California Can Either Make Use of Its Sea of Oil, Or Drown In It
Earlier this month, The New York Times gave space to a climate activist who argued that policymakers must “Free California of Fossil Fuels.” Six days later, the Times’ California Today feature covered the state’s “Move to Mandate 100% Carbon-Free Electricity” through Senate Bill 100.
A significant portion of Californians would agree with the articles. After all, being “green” can increase one’s status in this state.
But letting those resources idle in the ground for “green” reasons is self-defeating. California sits on a vast ocean of the cheapest, most efficient energy source on the planet.
California has in recent history produced more crude oil than all but two states, Texas and North Dakota. But it has now plummeted to sixth in the U.S. Energy Information Administration’s most recent rankings, not far ahead of seventh-place Colorado, which has only about two-thirds of the proved reserves of crude that California has, according to EIA data.
California, which has more than 1.9 billion barrels in proved reserves, has also fallen behind in production to New Mexico and Oklahoma, both holding fewer reserves. Lawmakers have made conscious policy decisions to curb oil production in this state. It has slumped from nearly 400 million barrels in 1983 to just 173 million last year.
Natural gas production, which generates 60 percent of the state’s electricity, is also in decline. Though California is not as rich in natural gas as it is in crude, there is still more here than in the surrounding states.
On the same day the Times op-ed was published, the U.S. Bureau of Land Management announced that it is considering ending a moratorium on hydraulic fracturing and opening 1.6 million acres of federal lands in California to fossil fuel development. Naturally this stirred up the green activists. The Center for Biological Diversity called it “a coordinated attack on California by the Trump administration,” while ForestWatch Executive Director Jeff Kuyper insisted that the proper response is “to tell the Trump Administration loud and clear that we’re not willing to pollute and industrialize these iconic landscapes.”
The protests leave out some important facts. Last year, for instance, the Colorado Department of Public Health and Environment issued a report on pollution near oil and gas operations after evaluating more than 10,000 air samples from active sites. Researchers concluded that “air concentrations were below short- and long-term ‘safe” levels.” Also overlooked is the fact that fracking fluid is 99 percent water. Much of the rest is made up of surfactants which are “no more toxic than substances commonly found in homes,” says the University of Colorado-Boulder.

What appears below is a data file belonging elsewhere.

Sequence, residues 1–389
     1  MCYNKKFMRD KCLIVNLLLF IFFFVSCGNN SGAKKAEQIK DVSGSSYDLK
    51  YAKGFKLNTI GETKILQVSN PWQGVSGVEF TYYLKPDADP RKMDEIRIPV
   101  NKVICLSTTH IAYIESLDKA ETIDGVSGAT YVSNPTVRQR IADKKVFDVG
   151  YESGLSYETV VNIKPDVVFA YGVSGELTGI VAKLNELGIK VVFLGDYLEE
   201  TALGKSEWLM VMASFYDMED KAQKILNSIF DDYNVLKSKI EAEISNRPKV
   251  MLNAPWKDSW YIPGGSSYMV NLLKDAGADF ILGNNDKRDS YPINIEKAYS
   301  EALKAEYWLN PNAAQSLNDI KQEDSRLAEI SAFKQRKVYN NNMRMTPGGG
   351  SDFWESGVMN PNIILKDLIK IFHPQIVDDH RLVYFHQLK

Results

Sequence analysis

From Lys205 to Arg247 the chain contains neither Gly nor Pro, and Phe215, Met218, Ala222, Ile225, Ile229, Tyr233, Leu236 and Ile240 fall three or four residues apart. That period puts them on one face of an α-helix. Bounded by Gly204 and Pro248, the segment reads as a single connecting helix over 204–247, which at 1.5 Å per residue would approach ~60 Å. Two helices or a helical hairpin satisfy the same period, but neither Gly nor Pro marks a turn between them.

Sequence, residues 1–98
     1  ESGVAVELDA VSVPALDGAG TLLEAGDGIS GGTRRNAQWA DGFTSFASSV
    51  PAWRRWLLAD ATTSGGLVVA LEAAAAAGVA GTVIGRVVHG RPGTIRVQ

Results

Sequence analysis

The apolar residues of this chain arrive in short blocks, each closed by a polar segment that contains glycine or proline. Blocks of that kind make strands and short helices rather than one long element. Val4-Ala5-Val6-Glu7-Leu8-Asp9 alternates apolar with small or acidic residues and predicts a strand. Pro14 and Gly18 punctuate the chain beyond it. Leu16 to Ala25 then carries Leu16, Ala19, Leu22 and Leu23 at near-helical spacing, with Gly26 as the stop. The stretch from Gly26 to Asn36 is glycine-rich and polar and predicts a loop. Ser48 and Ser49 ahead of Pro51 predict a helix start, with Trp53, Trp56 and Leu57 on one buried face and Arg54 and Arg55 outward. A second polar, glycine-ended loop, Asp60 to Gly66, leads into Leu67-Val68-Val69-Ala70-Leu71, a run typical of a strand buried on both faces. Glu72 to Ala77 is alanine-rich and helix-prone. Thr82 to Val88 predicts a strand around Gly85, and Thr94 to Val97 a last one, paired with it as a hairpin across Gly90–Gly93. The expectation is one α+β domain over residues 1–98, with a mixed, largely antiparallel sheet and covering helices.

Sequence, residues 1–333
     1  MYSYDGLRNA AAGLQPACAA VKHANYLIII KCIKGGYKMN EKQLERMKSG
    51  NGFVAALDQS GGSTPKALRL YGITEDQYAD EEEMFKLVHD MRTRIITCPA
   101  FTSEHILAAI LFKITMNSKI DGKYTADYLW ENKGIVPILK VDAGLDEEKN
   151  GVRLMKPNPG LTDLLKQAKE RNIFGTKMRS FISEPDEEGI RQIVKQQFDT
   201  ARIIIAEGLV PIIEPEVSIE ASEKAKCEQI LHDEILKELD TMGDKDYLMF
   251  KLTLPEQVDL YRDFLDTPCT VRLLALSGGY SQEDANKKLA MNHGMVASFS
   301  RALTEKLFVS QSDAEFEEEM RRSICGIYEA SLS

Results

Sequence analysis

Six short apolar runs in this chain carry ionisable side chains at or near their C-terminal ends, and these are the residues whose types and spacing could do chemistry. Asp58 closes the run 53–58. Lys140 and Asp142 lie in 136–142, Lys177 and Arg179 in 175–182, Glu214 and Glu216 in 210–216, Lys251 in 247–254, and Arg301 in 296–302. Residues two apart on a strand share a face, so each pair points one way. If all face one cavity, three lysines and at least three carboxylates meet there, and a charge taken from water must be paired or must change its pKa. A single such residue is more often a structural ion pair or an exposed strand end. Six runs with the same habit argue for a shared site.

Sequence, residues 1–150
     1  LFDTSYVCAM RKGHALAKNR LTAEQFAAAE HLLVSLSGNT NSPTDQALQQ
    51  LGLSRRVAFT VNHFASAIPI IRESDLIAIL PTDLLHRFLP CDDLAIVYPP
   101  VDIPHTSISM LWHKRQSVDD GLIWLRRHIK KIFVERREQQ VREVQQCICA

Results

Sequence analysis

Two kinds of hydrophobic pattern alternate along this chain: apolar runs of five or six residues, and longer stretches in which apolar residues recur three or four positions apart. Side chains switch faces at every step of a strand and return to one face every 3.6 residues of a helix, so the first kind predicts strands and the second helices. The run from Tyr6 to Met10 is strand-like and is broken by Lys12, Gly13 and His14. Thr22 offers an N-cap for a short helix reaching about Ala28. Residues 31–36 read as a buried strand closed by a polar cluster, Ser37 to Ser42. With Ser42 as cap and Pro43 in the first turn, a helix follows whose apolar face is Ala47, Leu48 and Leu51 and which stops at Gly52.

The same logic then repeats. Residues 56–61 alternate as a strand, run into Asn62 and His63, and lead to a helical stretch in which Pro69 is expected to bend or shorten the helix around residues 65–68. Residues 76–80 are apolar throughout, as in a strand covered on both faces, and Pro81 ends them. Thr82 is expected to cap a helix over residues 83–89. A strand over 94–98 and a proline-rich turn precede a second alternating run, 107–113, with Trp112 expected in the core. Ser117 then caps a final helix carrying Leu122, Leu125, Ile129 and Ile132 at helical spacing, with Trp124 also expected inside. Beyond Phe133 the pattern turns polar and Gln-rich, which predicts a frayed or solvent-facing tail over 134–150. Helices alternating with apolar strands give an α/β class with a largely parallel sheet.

Another oft-repeated charge is that fracking contaminates nearby water tables. But that isn’t quite right. The U.S. Geological Survey has determined that when “conducted properly, hydraulic fracturing (or ‘fracking’) has little possibility of contaminating water supplies.” At least 15 peer-reviewed studies since 2010 have reached the same conclusion, says the Heartland Institute’s Timothy Benson.
In contrast with its reputation as a destructive force, oil has improved our lives. It provides “cheap, plentiful, reliable energy for billions of people,” explains Alex Epstein, author of the New York Times best-selling book “The Moral Case for Fossil Fuels,” and president and founder of the San Diego-based Center for Industrial Progress.
“Despite more than three decades of catastrophic predictions about our addiction to fossil fuels, the use of fossil fuel energy has helped us use machines to improve every metric of human well-being, from life expectancy to nourishment to climate-related deaths.”
Because this is the Golden State, it’s generally thought that California owes its fortunes to gold. But that overlooks the vital role crude has played. Oil has been a “significant part of the state’s aspirations to greatness,” Epstein told PRI, and a “driving force” of economic productivity. It’s provided Californians with “an amazing lifestyle” in which “we can do anything we imagine.” When the state’s oil production was at its height in the 1960s, Epstein wrote in Forbes in 2013, “the California economy was the envy of the nation.”
California needs to decide if it’s going to act as if it’s part of the developed world and make use of its bountiful inventory of fossil fuel, or if will remain irrationally committed to energy policies, such as SB 100, and eradicating gasoline- and diesel-burning vehicles, that require drawing on unreliable, and expensive sources. Moving backward should not be an option, but it’s the one policymakers are increasingly choosing.